After a couple of kilometers on the serpentine high altitude road, my driver got cold feet and refused to take me further. After almost 15 minutes in vain, of coaxing, pleading, threatening him, I spotted a bus headed to that village. 
I could go on about the bus journey for pages but I choose to skip it because we are nearing closer to my destination.
After the adrenaline inducing journey on the serpentine hill road with a view of the valley and the snow capped mountains that could rival anything that is beautiful, I reached a massive under construction hydro power project. This was the start of my scenic and adventurous trek; and what a start it was!

From steep ascent that left me gaping for breath after about every few steps to the sound and color of the river accompanying me, from the chirping of the birds and rustling of leaves and crushing of gravels below my feet to the silence of the hills, from the depths of the valley as dark as coal to the play of light on the rocks that almost blinded the path on a narrow dirt road ahead, from the smiling faces of the villagers in this seemingly inhabitable environs to the steaming cup of hot chocolate, the trek was everything I could have asked for and more.

It was a true test of my physical and mental faculties but it also kept me going with the promise of more wonders that nature had in store and yet to unfold before me. The trek went through a dense forest and sunlight that came through the tall canopy felt like coming through a series of filters. I sat there on a large inclined rock face jutting out of the hillock with the river gushing down in all its glory just a few feet under me. The silence and the sense of freedom was surreal. I soaked it all in as much as I could and started out yet again with renewed energy. But this was just half of the trek!!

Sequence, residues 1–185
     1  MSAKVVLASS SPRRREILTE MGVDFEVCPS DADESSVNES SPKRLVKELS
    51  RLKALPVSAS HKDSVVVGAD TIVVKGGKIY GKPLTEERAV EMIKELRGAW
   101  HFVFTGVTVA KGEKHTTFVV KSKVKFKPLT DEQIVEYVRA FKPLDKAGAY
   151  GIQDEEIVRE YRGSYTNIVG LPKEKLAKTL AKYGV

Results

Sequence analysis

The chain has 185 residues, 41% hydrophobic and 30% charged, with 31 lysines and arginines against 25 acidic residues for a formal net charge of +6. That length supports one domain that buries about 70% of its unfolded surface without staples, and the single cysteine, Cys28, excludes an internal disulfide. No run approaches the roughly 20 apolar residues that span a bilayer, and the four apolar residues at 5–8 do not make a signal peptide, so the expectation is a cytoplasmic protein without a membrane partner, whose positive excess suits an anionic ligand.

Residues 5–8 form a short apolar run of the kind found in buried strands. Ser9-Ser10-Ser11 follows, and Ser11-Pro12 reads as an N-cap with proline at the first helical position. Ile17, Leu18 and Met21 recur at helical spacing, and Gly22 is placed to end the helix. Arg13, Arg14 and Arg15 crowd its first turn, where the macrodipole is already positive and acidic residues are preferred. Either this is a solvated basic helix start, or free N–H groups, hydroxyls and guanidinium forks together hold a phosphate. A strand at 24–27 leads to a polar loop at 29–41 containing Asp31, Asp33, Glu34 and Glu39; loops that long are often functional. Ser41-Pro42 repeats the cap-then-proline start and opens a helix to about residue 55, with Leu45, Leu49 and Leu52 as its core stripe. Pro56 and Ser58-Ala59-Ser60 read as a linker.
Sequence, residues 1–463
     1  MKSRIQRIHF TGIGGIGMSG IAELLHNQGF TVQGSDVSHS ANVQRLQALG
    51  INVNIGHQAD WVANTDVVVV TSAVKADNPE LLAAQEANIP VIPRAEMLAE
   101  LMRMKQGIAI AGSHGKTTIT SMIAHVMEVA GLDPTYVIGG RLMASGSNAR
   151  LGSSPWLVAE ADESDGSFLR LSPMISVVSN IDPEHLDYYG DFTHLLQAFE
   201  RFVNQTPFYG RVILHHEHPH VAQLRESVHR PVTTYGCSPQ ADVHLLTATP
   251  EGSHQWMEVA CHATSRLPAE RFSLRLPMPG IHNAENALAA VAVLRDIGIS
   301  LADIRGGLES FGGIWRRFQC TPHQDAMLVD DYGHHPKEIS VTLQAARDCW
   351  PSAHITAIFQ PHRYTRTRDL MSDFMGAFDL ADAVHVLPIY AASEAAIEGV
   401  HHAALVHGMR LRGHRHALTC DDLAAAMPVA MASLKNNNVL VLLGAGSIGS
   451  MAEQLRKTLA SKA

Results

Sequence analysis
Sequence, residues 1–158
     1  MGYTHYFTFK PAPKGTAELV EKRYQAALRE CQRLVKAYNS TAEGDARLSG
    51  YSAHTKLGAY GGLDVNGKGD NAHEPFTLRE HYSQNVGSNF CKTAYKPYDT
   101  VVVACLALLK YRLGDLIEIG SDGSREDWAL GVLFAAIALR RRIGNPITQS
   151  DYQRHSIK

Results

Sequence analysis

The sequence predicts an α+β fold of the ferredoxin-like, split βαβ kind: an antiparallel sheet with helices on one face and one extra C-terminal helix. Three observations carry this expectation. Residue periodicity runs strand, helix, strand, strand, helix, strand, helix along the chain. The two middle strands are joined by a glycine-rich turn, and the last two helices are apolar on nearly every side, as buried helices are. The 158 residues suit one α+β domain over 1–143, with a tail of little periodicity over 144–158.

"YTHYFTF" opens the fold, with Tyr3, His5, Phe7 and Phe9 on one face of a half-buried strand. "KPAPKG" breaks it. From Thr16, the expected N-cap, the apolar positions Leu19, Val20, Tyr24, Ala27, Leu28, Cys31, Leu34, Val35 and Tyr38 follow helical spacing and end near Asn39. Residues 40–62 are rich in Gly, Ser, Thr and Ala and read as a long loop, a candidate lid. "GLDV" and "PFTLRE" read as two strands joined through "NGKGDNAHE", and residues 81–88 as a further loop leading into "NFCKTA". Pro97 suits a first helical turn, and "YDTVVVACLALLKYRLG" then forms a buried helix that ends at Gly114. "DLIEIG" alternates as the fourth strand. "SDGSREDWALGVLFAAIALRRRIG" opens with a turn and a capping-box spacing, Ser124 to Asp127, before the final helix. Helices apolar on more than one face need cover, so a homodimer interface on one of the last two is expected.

For the rest of the trek too, the river, the birds and the trees kept me company and none of us disturbed the silence of the other. I felt like i was accepted without reservations, like all my shortcomings and flaws did not matter, neither did my achievements in the corporate world or my accumulations. I felt insignificant in the vastness of the nature but I was truly happy.

With these realisations and learnings that each travel expedition offers you I kept on moving forward, stopping only to catch my breath or to soak in a mesmerising view. 
After 5 hours of panting and huffing but trodding on cautiously and enthusiastically, I had reached the natural hot water springs of Kheerganga. I did what a traveller does. After minutes of taking a dip in the steaming waters all my weariness was gone.

I headed down to where I started from. It took me 3 hours on my way back.
By the time I reached to my hotel it was dark. I had some snacks and we headed out of the town into the hustle bustle of the city life that awaited me.
I found myself and my inner peace on this trek. With all the views and calmness that I borrowed from the place, I hope it would keep me going for quite some time in the race that our lives have become!

So this was Kasol: a tiny town in the Parbati valley of Himachal in India.